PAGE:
For years, the animal protection community, including AWI, has maintained that the tank for Lolita, the lone orca who has languished for over 45 years at the Miami Seaquarium, does not meet the minimum space requirements for her species under US law. Complaints, comment letters, and finally a pending lawsuit have all pointed out how Lolita’s 1960s-era tank is only 35 feet at its narrowest point—known as the “minimum horizontal dimension” (MHD)—rather than the 48 feet required for orcas by the Animal Welfare Act regulations. This legal dimension itself is grossly inadequate, but Lolita’s tank is smaller still. Thirty-five feet is not much longer than Lolita’s body, tip to tail.
Yet the US Department of Agriculture’s Animal and Plant Health Inspection Service (APHIS) has allowed this situation to persist, coming up with various explanations—none of them logical or consistent—for its lack of enforcement. June, however, saw a startling development, when the USDA’s Office of Inspector General (OIG) issued a report of an audit it conducted on APHIS’ implementation of the regulations specific to cetaceans.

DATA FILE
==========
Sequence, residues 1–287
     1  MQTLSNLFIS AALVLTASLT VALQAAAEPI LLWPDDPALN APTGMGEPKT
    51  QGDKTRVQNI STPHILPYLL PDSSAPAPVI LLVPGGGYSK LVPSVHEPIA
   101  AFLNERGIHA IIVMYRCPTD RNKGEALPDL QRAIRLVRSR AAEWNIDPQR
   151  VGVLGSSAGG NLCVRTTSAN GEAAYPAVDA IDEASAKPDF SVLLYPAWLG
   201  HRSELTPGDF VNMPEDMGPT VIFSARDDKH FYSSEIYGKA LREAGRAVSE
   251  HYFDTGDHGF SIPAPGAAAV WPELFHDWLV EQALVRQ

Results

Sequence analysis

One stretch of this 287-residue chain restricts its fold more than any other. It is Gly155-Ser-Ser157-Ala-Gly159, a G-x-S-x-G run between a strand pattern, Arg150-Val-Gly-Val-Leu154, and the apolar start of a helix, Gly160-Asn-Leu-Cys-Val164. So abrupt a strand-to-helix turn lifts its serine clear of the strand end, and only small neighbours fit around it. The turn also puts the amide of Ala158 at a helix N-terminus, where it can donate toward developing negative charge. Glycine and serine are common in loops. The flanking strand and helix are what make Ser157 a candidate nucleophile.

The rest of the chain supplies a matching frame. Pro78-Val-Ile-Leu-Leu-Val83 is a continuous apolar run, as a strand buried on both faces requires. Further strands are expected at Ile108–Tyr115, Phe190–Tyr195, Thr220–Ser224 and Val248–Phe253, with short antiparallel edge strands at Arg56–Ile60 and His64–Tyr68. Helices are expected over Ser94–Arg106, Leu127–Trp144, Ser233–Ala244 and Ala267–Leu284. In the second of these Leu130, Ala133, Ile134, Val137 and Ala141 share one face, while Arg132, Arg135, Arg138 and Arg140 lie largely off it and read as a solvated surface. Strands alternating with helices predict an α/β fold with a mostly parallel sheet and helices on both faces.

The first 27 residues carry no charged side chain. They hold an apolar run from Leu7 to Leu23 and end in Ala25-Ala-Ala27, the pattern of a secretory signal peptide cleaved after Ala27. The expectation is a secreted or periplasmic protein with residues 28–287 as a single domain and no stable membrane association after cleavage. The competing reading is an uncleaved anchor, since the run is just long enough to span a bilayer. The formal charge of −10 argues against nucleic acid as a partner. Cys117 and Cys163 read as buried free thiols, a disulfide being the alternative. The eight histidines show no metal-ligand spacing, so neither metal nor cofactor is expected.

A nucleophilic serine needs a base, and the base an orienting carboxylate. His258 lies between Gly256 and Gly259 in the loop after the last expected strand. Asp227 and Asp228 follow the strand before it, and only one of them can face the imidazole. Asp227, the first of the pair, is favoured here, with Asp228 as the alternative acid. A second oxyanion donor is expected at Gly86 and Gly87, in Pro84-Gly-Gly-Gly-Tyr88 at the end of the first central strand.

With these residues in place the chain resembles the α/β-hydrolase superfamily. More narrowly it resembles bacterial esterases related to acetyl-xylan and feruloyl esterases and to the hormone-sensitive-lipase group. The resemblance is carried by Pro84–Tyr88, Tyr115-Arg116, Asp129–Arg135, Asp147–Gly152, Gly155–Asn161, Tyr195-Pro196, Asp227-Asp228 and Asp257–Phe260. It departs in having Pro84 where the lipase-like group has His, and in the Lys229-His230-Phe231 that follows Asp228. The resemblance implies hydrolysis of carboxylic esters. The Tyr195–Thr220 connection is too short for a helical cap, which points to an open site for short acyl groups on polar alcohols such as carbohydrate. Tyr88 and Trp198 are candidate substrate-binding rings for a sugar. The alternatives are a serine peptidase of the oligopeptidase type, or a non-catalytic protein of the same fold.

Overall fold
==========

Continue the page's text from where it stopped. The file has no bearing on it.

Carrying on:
The report noted, among other things, that Lolita’s tank “would only have an MHD of 35 feet … this falls short of the minimum requirements for an orca.” The OIG, in short, agreed with us. It recommended that APHIS clarify how tanks like Lolita’s meet the minimum space requirements. APHIS’ response did nothing of the sort; it directed the OIG to read an agency document from 1979 that it claimed “explained … how those requirements apply to pools with unique configurations.” This outdated document said nothing at all that was relevant to Lolita’s tank.
Despite the OIG failing to challenge the agency’s response, its conclusion that Lolita’s tank appears to be noncompliant with regulations may prove useful in the pending lawsuit.